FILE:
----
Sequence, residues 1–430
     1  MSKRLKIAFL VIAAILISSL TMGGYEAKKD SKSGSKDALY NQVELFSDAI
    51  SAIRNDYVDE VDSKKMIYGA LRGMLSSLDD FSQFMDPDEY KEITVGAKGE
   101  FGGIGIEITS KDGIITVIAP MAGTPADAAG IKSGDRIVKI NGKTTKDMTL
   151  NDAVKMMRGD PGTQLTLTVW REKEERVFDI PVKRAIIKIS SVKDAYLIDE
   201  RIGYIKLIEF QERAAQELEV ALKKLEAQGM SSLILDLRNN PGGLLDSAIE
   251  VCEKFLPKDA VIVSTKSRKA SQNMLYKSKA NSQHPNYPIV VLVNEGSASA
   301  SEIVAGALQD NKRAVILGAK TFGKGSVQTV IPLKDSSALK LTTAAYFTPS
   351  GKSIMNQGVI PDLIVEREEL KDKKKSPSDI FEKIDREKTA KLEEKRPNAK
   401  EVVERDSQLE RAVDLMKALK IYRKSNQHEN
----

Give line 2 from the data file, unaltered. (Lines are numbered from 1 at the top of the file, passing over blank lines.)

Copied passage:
     1  MSKRLKIAFL VIAAILISSL TMGGYEAKKD SKSGSKDALY NQVELFSDAI